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Nestlé has announced the launch of Nescafé Dolce Gusto Neo – a new at-home coffee machine that uses paper-based and home-compostable coffee pods.

Nescafé Dolce Gusto Neo will be launched in Brazil next month at an SRP of EUR179 (US$170), with the paper-based pods costing around EUR0.50 each. The machine and pods will also roll out to other unspecified markets in the future, Nestlé added.

The pods for the Neo system are made from paper and a compostable biopolymer lining. They decompose within three months in industrial compost settings and within six months when composted at home. The new pods – which took five years to develop – use 70% less packaging (by weight) than current Nescafé Dolce Gusto pods.

To assist with the manufacture of the new pods, the Switzerland-headquartered firm is to invest more than EUR50m in its factory in Montes Claros in Brazil.

Arnaud Deschamps, head of Nescafé Dolce Gusto, told Just Drinks the company wanted to tackle consumers’ perception of the wasteful nature of portioned coffee.

“We want to avoid any kind of waste guilt, which is something you have with portioned coffee,” he said. “If we want to progress in the portioned coffee category, we need to address the environmental perception issue. I say perception issue because, if you look at the CO2 footprint of the whole system, it is actually better than that of filter coffee because we use less coffee, less water, less energy – but more packaging.”

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Deschamps would not be drawn on whether Nestlé would seek to roll out the paper-based pods to other portioned coffee systems such as Nespresso. However, he pointed to the group’s commitment to cutting virgin plastic use by a third by 2025.

“I cannot tell you what Nestlé is going to do with its other systems, but we have the commitment to reduce the usage of virgin plastic by a third by 2025,” he said. “We also want to reduce our carbon footprint. So we are not the only ones at Nestlé that are looking for solutions for the consumer whilst also being respectful of the environment. With this [Nescafé Dolce Gusto Neo], we are the pioneers with this type of product but everyone is looking for more sustainable solutions.”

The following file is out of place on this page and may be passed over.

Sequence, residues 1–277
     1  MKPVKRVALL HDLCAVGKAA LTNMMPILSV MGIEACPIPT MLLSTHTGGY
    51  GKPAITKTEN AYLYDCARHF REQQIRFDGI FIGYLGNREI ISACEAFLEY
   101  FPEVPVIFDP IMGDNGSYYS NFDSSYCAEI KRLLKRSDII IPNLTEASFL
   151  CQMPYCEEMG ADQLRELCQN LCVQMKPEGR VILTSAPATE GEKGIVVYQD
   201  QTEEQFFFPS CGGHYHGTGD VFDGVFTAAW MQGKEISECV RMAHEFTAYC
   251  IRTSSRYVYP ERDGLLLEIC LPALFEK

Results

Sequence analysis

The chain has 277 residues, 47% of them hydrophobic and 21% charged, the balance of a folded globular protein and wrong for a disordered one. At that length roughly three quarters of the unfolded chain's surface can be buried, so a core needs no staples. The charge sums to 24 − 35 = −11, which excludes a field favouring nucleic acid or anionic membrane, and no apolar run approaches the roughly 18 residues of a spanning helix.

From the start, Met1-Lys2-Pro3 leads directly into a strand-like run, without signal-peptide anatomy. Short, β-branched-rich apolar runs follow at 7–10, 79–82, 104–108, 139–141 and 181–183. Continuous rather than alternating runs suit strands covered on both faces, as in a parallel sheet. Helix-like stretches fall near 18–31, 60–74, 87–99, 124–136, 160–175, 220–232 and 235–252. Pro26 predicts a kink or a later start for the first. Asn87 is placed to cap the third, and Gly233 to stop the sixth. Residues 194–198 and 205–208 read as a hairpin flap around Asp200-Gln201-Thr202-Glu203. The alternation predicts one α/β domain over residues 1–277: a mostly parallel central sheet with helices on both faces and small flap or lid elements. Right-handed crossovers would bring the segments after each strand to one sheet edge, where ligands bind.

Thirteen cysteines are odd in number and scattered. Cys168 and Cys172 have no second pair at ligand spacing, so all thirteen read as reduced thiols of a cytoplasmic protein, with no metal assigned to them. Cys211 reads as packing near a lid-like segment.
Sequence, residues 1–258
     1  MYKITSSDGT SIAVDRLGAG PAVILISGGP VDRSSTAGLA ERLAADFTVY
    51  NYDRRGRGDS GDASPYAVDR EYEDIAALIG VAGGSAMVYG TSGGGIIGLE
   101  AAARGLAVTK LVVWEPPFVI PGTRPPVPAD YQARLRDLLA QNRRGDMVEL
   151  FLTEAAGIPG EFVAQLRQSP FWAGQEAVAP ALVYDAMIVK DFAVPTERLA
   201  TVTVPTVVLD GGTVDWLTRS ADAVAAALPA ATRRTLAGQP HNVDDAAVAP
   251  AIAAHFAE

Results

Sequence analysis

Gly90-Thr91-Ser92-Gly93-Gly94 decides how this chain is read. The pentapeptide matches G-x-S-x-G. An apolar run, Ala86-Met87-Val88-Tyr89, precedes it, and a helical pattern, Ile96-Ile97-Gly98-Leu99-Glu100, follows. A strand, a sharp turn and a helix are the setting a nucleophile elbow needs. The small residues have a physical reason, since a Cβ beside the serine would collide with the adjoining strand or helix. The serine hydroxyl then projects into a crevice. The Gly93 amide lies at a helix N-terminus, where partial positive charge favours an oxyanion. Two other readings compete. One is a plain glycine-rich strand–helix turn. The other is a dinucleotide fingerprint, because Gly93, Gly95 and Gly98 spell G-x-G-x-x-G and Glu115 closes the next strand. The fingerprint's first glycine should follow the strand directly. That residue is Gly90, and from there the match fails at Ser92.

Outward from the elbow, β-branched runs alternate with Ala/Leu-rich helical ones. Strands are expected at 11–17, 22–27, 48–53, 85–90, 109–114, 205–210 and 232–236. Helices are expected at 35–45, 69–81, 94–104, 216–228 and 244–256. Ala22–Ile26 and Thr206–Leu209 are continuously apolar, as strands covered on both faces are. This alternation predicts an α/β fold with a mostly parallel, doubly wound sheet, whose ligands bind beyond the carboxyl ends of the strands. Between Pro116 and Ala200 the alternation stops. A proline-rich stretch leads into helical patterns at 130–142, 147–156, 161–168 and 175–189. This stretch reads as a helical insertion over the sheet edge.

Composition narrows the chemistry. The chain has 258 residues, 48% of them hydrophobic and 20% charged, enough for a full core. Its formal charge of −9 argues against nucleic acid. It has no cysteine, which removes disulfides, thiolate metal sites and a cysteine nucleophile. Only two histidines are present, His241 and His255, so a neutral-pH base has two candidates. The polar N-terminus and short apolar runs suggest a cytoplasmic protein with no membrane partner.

On why it had taken Nestlé so long to come up with a paper-based alternative to plastic and aluminum-based coffee pods, Julia Lauricella, the group’s head of global R&D for systems and coffee machines, said it took time to develop a product that met sustainability criteria without compromising on taste.

“Since we had as a starting point that we wanted to keep the superior quality and didn’t want to oxidise the coffee and lose on quality, we needed to work with a biopolymer layer,” she said. “This adds a whole layer of complexity. Each time you change an element you need to revalidate with the machine to make sure it works and is still extracting the product in the way you want.

“If you want the sustainability accreditation you have to do a true duration study, which is three months for industrial compositing or biowaste and six months at home. Each time you change the smallest thing and the composition of your material you have to start the composting time again from zero.”

The  Nescafé Dolce Gusto Neo machine is made from 50% recycled plastic (in non-food contact parts) and the thermal heating element contains 85% recycled aluminium. Lauricella said the company had designed Neo to have ten years of “repairability” and had included features such as an eco-switch off setting in order to make the device more sustainable.

Among the other new features of Neo is Nestlé’s patented SmartBrew technology, which enables the machine to read the code printed on the lid of each pod and adjust its settings accordingly. Nescafé Dolce Gusto said the technology will allow consumers to make a wider variety of drinks at home, including filter-style coffee.

The machine can also be controlled and the user experience customised via the Neo smartphone app, which enables users to adjust the temperature and serving size of their coffee. The app also links automatically with Nescafé Dolce Gusto’s loyalty programme and online troubleshooting services.

Coffee pods: an environmental menace or an opportunity for sustainable innovation?